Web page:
Wednesday, June 27, 2007

"The Western program for Lebanon"

There has been an intensive round of talks in Paris involving Lebanese president Siniora, Condoleeza Rice, Ban Ky Moon, Amru Musa, Sarkozy, and a large supporting cast of notables and informants. Insofar as the talks dealt with Lebanon, the Western press including the Lebanese paper the Daily Star, says these talks are mainly about re-affirmations of Western support for the Siniora government. The Lebanese opposition newspaper Al-Akhbar says there is a lot more to it than that, explaining that the talks are noteworthy for the way they "shed light on the Western program that has been set for Lebanon". The main point is that reports of various talks indicate there is a plan to get UN authorization for an expansion or a change in the mandate for the UNIFIL forces that would involve them along the Lebanon-Syria border, and perhaps change their rules of engagement. The initial step in this, having the UN send "experts in border security" to monitor the Lebanon-Syria border
...was the principal topic in the conversation yesterday in Paris between president Siniora and US secretary of state Condoleeza Rice....Sources close to Siniora said the conversation centered on the need to make the question of border-security with Syria the focus of efforts in the coming weeks.
It wasn't the only indication of things to come.
Paris has been the scene of noteworthy communications pointing in the direction of what [Lebanese culture minister] Tareq Mitri called "the need for changes in the principles of operation of the special [UN] forces in the South", a formulation that gave rise to...statements about the danger of [an attempted] exploitation of the criminal attack on a Spanish unit for the purposes of changing the rules of engagement for UNIFIL.
Yet another indication of what the West has in mind was provided by
...a source close to the Elysee Palace who said [describing talks between siniora and Sarkozy]: "The talks started out about Lebanon, but suddenly switched to Darfur, which reflects the French anxiety that the situation in Lebanon could explode, in the light of events on the ground there. The was discussion of the multilateral force proposed for Darfur, and that makes the issue of securing the Lebanon-Syria border the topic for the next round."
But the journalist seems to think the really tell-tale remark came from culture minister Mitri. He writes:
But the new point was what minister Mitri explained about Siniora studying with the UN secretary general conditions on the border with Syria. Mitri stressed: "The aims of Unifil open the door to talking about the entire security situation in Lebanon." And he said he sees the recent attack in the south as requiring a revision of the rules of engagement for UNIFIL... We have learned that the remarks of Mitri have triggered alarm in military and political circles, where it is pointed out that the daily operations of the UN force are defined in an agreement signed with the Lebanese army, so doesn't concern others.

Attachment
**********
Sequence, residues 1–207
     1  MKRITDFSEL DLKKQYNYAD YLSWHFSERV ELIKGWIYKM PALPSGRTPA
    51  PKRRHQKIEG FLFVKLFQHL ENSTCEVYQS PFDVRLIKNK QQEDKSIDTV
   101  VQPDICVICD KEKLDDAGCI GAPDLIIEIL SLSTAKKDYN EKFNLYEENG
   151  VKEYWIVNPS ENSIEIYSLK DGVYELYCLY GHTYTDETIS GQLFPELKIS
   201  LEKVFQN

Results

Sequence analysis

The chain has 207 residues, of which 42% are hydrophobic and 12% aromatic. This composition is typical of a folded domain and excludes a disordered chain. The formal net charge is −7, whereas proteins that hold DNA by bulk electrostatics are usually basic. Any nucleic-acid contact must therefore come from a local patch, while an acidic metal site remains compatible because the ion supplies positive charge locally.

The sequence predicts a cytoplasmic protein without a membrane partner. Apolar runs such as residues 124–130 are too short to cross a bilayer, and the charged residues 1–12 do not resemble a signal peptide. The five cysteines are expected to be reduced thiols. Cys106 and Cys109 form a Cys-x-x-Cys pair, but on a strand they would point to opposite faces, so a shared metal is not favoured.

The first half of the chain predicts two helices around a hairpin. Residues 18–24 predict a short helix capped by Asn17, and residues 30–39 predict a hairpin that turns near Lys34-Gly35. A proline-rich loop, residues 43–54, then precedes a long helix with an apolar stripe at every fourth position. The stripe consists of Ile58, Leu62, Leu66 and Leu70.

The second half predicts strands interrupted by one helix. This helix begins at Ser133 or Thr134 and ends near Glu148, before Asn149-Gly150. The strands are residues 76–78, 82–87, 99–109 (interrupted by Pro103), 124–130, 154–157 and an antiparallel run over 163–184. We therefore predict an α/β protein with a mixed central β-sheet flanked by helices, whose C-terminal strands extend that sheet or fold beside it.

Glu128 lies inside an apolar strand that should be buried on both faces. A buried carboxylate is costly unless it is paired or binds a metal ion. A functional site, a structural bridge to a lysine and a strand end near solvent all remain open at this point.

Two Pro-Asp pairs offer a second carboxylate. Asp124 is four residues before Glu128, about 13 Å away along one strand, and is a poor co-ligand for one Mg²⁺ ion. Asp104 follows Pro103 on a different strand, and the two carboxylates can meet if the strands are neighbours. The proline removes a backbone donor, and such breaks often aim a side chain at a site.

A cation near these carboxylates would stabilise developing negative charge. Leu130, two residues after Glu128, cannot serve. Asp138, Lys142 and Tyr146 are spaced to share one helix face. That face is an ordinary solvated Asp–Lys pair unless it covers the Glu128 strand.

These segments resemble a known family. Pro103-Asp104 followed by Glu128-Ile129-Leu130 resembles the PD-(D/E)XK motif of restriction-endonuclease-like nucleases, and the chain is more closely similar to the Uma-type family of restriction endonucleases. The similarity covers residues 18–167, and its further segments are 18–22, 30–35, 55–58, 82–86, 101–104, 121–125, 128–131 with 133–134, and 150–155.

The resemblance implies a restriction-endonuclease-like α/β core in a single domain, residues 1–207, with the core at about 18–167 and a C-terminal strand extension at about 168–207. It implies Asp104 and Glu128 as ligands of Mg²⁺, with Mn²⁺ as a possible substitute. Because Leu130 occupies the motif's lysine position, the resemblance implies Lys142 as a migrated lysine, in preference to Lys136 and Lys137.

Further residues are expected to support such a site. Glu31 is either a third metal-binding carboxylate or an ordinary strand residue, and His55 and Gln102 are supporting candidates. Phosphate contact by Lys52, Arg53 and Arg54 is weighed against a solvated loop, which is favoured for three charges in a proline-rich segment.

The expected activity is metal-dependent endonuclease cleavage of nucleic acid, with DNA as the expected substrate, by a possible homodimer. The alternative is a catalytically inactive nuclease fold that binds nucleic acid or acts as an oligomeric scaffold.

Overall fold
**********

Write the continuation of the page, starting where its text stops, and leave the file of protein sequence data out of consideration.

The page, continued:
And in the same vein, he says the UN forces in the south are starting to talk about the need for expanded powers. The journalist reminds readers of the complicated domestic-Lebanese negotiations that took place at the end of the Israeli attack last summer setting out the limited powers of the UN force. The idea is that Rice, Sarkozy and others appear to be engaged in a plan to upset that equlibrium, in the interests of creating a bigger foreign military presence in Lebanon, and even (as the Elysee source perhaps inadvertently indicated) seeing Lebanon through the lens of Darfur.

2 Comments:

Anonymous Lysander said...

I have no doubt Condee Rice, and probably Sarkozy, would love an expanded "robust" UN (preferably NATO) force in Lebanon. But I don't think they have the cards to play that game.

Cutting off the flow of weapons would be a threat to Hizbollah's survival and by extension even Syria's and they will act accordingly. While UNIFIL wants to increase their troops' safety, tangling with Hizb wont accomplish that.

The Lebanese government, on the other hand, has its hands full both by being under siege from the opposition, and with Sunni guerrillas in Palestinian camps and now in Tripoli. Sanyurah cant afford another conflict, one that will almost certainly lead to opem war with the opposition.

As for Europe, a counter insurgency in south and east Lebanon want pass muster with the voters at home. There will be no back up from the U.S., which has way too much on its plate already.

And so, this idea will most likely die with its first breath...and Rice and Sarkozy can count their blessings for that.

Thanx for getting this too us, though. It does show what's on their minds.

2:00 PM  
Blogger badger said...

fatima has an interesting comment on this post over at palestinianpundit.blogspot.com which by the way is an excellent source for Palestinian news in English (along with palestine-info.com, and if you read French, info-palestine.net).

5:02 PM  

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